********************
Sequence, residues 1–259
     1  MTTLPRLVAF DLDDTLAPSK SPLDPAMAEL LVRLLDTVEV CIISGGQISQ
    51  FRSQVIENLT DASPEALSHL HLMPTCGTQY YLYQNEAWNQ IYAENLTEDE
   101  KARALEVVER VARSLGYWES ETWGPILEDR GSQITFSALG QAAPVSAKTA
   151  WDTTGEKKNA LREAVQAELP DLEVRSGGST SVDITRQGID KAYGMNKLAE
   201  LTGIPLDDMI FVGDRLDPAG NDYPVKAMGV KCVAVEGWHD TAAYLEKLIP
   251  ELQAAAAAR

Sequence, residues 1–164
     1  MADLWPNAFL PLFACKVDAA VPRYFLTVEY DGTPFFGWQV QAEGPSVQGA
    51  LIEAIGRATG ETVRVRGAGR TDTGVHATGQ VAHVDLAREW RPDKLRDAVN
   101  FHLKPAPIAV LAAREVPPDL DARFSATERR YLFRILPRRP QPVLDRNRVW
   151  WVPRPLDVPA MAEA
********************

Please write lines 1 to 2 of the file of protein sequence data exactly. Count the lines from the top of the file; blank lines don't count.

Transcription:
Sequence, residues 1–259
     1  MTTLPRLVAF DLDDTLAPSK SPLDPAMAEL LVRLLDTVEV CIISGGQISQ